1792 P10C Disme, Judd-10, Pollock-11, High R.6, Fine 12 PCGS....
Historic Fine 1792 Copper Disme, Judd-101792 P10C Disme, Judd-10, Pollock-11, High R.6, Fine 12 PCGS. The obverse portrays Liberty facing to the left with flowing locks of hair. Around, LIBERTY PARENT OF SCIENCE AND INDUS(try), the date below the bust. On the reverse, an eagle flies in a plain field with the statutory legend UNITED STATES OF AMERICA around, and the denomination DISME below. Struck in copper with a reeded edge. Although more than a dozen examples are known, four pieces are impounded in institutional holdings, including the Durham Western Heritage Museum specimen (from the Byron Reed Collection), the piece at Independence Hall (from Frank Stewart), the Eric Newman Educational Foundation coin, and the Smithsonian Institution specimen. The finest known example that is available to collectors is the former Garrett Collection coin that is now certified by NGC as Specimen-65.
The example that we are offering as part of the present collection should prove more affordable, being noticeably worn, perhaps actually serving time in circulation, or as a pocket piece. All of the obverse devices, lettering, and date are visible, although the lettering along the right border is extremely faint. The reverse lettering is also visible, although weak in certain spots. The eagle is mostly gone, with parts of each wing still present. Each side has a few old scratches and minor scrapes, now blended with the surrounding surface and only of the slightest significance.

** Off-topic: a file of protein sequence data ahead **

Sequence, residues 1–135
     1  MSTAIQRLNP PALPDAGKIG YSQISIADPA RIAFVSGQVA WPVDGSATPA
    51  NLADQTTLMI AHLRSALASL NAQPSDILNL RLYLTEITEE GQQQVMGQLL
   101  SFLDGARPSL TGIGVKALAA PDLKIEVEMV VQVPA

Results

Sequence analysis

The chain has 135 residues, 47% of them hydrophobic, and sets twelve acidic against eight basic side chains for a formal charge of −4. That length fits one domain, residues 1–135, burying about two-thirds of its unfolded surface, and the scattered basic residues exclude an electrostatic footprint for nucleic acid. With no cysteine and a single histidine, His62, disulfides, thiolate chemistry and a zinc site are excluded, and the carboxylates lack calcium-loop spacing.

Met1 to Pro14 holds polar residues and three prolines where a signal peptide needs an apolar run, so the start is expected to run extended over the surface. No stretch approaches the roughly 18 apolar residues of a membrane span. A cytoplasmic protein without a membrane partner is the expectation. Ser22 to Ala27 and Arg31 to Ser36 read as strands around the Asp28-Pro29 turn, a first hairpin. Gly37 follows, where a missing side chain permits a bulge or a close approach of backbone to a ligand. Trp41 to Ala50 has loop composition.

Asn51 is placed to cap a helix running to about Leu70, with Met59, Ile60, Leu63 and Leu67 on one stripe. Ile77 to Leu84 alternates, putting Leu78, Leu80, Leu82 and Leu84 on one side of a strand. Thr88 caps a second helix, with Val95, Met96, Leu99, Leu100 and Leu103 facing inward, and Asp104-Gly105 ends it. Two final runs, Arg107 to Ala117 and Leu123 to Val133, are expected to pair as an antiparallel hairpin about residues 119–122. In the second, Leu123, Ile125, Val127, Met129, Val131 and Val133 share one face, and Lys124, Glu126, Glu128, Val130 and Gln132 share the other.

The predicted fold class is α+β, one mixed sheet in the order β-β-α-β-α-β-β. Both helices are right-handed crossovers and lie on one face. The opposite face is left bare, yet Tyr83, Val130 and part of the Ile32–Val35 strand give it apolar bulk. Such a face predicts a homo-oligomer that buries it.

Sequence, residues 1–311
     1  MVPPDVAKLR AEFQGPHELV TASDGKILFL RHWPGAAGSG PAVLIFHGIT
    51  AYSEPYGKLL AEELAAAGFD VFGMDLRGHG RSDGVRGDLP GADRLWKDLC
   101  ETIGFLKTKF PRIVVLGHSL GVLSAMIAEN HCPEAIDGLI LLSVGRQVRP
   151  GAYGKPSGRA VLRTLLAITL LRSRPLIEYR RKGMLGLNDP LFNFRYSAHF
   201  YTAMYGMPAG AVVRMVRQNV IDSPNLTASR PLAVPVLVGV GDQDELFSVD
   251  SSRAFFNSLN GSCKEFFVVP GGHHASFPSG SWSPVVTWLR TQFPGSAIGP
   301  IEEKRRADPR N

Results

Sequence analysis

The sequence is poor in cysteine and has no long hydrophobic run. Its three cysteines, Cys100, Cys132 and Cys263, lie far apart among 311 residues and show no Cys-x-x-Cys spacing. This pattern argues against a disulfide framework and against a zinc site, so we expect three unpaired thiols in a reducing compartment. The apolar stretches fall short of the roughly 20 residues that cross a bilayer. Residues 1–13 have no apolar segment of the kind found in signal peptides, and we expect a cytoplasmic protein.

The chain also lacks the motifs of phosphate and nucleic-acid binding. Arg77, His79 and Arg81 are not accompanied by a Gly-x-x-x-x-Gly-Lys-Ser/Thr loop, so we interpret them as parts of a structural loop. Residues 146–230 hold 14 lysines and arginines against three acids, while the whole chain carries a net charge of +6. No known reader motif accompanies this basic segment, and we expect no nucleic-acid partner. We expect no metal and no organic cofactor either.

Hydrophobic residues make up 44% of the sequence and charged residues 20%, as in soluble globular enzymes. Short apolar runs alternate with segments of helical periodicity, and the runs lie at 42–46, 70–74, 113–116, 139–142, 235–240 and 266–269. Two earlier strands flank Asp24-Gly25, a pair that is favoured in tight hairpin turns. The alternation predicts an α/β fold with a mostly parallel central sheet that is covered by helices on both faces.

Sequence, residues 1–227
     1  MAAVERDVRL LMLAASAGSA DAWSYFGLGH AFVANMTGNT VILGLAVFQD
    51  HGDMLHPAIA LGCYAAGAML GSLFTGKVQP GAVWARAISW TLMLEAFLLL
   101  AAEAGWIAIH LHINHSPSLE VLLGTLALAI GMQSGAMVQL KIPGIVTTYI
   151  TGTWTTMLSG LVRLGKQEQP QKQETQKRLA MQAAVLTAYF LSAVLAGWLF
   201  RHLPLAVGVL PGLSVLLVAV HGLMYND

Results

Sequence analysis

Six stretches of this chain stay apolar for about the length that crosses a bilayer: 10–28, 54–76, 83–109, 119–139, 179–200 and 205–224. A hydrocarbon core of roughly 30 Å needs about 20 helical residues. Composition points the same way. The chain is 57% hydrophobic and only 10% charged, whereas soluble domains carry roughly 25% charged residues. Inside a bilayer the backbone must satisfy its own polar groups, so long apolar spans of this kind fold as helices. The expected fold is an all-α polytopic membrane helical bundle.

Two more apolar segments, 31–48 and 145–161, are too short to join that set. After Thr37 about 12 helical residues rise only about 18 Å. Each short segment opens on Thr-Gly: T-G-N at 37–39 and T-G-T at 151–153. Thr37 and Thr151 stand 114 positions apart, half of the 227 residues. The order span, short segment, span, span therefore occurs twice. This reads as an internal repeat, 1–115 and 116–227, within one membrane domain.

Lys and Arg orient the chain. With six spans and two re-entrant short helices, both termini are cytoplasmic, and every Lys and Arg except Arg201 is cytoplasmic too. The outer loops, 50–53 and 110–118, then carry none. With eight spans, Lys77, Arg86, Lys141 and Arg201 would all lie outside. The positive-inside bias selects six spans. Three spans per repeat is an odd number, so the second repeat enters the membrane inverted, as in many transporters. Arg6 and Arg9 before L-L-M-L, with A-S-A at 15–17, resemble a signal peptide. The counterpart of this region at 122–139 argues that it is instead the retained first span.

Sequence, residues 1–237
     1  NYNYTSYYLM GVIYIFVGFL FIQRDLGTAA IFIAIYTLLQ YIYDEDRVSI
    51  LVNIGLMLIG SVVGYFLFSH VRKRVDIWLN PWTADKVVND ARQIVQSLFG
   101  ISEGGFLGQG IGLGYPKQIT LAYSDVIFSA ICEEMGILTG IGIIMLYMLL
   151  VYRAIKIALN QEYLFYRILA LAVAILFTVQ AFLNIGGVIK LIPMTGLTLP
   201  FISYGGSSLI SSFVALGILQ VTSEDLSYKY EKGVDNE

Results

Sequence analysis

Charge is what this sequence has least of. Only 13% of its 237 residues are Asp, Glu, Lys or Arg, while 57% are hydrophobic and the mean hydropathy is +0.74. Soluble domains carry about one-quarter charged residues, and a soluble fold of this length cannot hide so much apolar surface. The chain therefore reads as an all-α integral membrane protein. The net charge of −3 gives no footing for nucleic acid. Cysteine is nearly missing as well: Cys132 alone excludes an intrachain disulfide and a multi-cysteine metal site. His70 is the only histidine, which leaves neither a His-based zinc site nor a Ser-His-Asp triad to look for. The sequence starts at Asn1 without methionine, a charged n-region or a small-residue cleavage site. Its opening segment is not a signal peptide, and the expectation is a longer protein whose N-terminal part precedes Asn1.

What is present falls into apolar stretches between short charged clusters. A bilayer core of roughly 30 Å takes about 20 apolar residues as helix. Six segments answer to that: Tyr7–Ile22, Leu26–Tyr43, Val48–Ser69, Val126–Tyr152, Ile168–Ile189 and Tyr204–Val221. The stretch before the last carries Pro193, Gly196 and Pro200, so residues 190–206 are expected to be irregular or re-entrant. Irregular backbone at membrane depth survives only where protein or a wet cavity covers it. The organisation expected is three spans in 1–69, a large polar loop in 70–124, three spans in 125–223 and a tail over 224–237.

Several different pattern issues were coined in 1792, along with the silver half disme that is now considered a regular issue coin. The various pattern issues of this year represent a variety of coin denominations from the cent to the quarter dollar. Each and every one of these patterns is historically important, and each is also a major rarity. Of all the different pattern varieties coined, not more than 60 pieces survive in total.
There are many unanswered questions surrounding this particular pattern issue. Although Walter Breen once attributed the designs and engraving to Adam Eckfeldt, it is not known with certainty who did the actual work. It is also not known when these pieces were struck, although Andrew Pollock III suggested that they may have been produced at about the same time as the half dismes, citing "stylistic similarity between the reverses of the two denominations." The obverse design was undoubtedly influenced by Augustin Dupre's Libertas Americana Medal, and is quite similar to the 1793 half cent obverse. Population: 1 in 12, 6 finer (12/07). (PCGS# 11026)
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